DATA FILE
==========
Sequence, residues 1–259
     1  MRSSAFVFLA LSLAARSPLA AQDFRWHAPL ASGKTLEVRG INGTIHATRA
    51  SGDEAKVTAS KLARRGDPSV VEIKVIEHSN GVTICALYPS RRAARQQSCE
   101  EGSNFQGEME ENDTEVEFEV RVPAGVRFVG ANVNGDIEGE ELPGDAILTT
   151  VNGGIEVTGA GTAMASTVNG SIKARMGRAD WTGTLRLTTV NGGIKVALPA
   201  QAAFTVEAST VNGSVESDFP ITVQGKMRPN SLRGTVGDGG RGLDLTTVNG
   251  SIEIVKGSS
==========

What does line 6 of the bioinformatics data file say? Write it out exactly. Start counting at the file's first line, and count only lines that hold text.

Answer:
   201  QAAFTVEAST VNGSVESDFP ITVQGKMRPN SLRGTVGDGG RGLDLTTVNG